Britain’s smart Brimstone missiles have not yet killed or wounded any Takfiri Daesh militants in Syria since London began its aerial campaign on the Arab country last year, a report reveals.
The Huffington Post UK revealed on Thursday that the missile, which is said to be Britain’s main reason for joining the US-led air campaign in Syria last December, has failed to record any casualties among terrorists so far.
Brimstone is a radar-guided missile and can be used against moving targets from seven miles away. Only Britain and Saudi Arabia have Brimstone missiles.
British Prime Minister David Cameron had claimed in November 2015 that the missile could be a game changer in the so-called anti-Daesh air campaign by the US-led alliance.
He told MPs ahead of a parliamentary vote on extending UK military actions in Syria that Brimstone missile were a British asset that could make a “meaningful difference” to the US-led campaign.
Brimstone was among “the most accurate weapons known to man” that would cause “the lowest level of civilian casualties,” said Cameron.
The Brimstone missile was used in nine strikes between December 2, 2015 and January 29, and each is estimated to cost £100,000.
Alex Salmond from the Scottish National Party said the revelation “contrasts dramatically” with Cameron’s claims that the missile would “cut off the ‘head of the snake’” the Raqqah Province, the main Daesh stronghold in Syria.
The findings also showed that UK bombings have killed or wounded only seven Daesh militants either with Hellfire drone missiles or Paveway bombs.
The British Ministry of Defense (MoD) said the airstrikes were not only aimed at killing militants, but causing disruption to Daesh infrastructure and logistics.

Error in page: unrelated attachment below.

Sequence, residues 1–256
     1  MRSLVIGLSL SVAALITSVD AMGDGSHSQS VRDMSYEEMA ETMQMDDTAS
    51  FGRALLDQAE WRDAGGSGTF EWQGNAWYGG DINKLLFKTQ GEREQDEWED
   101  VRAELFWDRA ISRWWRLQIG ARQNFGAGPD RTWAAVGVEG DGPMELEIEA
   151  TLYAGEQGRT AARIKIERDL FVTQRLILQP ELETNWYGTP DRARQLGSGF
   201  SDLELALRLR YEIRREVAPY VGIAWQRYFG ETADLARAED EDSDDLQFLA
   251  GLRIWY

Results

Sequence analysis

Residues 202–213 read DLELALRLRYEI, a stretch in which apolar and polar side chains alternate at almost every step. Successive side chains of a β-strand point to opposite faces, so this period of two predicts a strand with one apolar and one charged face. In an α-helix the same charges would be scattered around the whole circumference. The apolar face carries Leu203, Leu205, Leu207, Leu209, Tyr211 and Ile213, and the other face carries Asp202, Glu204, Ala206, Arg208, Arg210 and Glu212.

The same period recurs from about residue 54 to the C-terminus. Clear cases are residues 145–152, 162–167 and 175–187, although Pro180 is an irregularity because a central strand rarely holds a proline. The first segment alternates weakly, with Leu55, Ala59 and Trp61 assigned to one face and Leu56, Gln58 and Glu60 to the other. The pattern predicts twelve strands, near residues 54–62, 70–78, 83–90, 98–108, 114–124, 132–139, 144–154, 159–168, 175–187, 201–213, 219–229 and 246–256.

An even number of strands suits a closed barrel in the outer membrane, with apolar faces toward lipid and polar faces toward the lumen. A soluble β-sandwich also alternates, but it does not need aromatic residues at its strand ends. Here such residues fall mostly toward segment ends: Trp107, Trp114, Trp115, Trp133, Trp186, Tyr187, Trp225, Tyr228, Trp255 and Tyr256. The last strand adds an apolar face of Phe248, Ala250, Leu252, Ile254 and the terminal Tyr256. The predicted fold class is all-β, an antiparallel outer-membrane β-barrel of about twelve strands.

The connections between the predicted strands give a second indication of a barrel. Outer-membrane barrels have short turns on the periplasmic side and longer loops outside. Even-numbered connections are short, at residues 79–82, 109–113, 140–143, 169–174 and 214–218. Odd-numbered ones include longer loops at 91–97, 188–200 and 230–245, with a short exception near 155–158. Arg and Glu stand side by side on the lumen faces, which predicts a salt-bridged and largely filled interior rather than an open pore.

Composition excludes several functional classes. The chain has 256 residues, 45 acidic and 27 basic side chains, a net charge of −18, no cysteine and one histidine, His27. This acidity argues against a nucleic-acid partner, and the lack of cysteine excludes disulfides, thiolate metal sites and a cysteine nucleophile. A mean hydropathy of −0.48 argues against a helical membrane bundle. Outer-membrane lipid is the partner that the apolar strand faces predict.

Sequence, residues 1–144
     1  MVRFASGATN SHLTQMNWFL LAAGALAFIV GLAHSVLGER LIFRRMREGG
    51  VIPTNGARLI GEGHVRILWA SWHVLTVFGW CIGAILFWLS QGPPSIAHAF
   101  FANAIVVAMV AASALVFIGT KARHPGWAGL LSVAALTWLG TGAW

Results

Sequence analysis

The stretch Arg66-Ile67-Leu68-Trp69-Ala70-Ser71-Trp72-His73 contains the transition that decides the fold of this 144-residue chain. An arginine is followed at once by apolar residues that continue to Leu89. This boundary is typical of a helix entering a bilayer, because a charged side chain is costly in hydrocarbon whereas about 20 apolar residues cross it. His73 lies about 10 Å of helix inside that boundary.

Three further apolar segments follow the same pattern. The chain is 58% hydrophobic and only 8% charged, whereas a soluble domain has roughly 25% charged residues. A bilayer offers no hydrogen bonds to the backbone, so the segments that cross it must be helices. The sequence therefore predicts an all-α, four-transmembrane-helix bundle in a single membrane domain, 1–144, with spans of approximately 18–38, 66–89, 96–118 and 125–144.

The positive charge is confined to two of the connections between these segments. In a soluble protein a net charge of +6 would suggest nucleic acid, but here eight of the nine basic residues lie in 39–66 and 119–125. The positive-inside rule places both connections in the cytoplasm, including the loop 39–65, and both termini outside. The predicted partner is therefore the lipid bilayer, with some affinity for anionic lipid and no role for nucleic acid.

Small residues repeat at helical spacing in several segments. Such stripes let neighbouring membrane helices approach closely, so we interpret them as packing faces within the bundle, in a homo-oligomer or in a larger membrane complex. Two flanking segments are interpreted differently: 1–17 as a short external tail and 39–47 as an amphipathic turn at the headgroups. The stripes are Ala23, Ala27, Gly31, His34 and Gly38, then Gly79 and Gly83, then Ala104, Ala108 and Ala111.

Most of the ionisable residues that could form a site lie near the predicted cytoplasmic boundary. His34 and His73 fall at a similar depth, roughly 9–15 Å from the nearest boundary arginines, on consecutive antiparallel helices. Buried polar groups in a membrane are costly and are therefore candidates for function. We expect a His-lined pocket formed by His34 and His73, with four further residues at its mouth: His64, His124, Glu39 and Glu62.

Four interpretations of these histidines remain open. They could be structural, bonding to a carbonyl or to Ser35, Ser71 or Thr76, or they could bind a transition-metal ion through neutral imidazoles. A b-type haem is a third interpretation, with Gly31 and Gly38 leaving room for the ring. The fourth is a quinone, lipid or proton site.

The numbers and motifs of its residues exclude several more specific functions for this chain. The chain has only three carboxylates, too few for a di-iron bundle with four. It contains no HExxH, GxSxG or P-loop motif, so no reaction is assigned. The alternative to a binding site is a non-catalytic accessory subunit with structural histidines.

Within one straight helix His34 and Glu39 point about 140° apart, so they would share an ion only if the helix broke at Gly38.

“This includes targeting oil infrastructure and enabling equipment under Daesh control, helping to reduce their ability to profit from selling oil to fund their activities,” the MoD said.
Last year, Hundreds of thousands of people took part in a number of demonstrations to express their opposition to the British government’s decision to join the military campaign in Syria.
Protesters believed that the airstrikes would not weaken the Takfiri group but fuel the flame of violence in Syria.
Since August 2014, the United States and some of its allies have been conducting airstrikes against what they say are Daesh positions in Iraq.
Some members of the US-led coalition have also been pounding purported Daesh positions inside Syria without any authorization from Damascus or a UN mandate since September last year.
The coalition has repeatedly been accused of targeting and killing civilians and destroying Syria’s infrastructure.
On Thursday, the so-called Syrian Observatory for Human Rights reported that nearly 40 civilians, including children, had been killed in US-led air raids in Syria’s northeastern province of Hasakah.
Damascus and its allies have on numerous occasions questioned the true motives of the so-called anti-terror campaign.
Russian Foreign Minister Sergei Lavrov said last October that it is unclear “why the results of so many combat sorties are so insignificant,” adding that Washington must decide whether its aim is to eliminate terrorists or to use extremist forces to pursue its own political agenda.